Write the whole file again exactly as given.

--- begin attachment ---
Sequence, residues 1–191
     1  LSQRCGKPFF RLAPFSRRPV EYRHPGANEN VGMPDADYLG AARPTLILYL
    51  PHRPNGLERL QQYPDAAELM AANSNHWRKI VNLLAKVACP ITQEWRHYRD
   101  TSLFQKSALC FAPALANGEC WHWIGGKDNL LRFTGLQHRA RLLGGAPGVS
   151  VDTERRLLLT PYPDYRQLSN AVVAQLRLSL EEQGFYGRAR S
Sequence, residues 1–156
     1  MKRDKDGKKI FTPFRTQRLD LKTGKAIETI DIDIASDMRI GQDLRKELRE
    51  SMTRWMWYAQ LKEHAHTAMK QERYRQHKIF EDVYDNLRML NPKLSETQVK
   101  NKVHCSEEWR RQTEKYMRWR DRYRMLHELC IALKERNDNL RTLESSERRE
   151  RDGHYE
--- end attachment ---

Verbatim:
Sequence, residues 1–191
     1  LSQRCGKPFF RLAPFSRRPV EYRHPGANEN VGMPDADYLG AARPTLILYL
    51  PHRPNGLERL QQYPDAAELM AANSNHWRKI VNLLAKVACP ITQEWRHYRD
   101  TSLFQKSALC FAPALANGEC WHWIGGKDNL LRFTGLQHRA RLLGGAPGVS
   151  VDTERRLLLT PYPDYRQLSN AVVAQLRLSL EEQGFYGRAR S
Sequence, residues 1–156
     1  MKRDKDGKKI FTPFRTQRLD LKTGKAIETI DIDIASDMRI GQDLRKELRE
    51  SMTRWMWYAQ LKEHAHTAMK QERYRQHKIF EDVYDNLRML NPKLSETQVK
   101  NKVHCSEEWR RQTEKYMRWR DRYRMLHELC IALKERNDNL RTLESSERRE
   151  RDGHYE